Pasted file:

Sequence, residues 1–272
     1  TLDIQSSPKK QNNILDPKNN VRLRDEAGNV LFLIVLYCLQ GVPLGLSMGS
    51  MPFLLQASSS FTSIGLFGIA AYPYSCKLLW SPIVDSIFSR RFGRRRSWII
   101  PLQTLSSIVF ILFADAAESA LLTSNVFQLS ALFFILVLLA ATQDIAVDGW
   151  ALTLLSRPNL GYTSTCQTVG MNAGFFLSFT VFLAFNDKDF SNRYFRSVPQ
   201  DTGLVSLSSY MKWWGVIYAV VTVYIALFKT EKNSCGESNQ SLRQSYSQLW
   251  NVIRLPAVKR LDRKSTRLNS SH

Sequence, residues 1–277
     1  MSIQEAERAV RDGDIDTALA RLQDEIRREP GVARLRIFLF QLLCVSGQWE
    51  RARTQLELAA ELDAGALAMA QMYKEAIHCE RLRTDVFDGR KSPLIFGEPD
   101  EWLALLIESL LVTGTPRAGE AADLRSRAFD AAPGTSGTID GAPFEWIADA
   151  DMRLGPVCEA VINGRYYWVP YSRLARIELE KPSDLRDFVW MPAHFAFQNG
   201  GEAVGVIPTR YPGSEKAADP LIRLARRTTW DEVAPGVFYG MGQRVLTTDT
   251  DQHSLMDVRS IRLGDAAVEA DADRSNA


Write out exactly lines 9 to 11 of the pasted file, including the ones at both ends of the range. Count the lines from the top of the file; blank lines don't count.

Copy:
     1  MSIQEAERAV RDGDIDTALA RLQDEIRREP GVARLRIFLF QLLCVSGQWE
    51  RARTQLELAA ELDAGALAMA QMYKEAIHCE RLRTDVFDGR KSPLIFGEPD
   101  EWLALLIESL LVTGTPRAGE AADLRSRAFD AAPGTSGTID GAPFEWIADA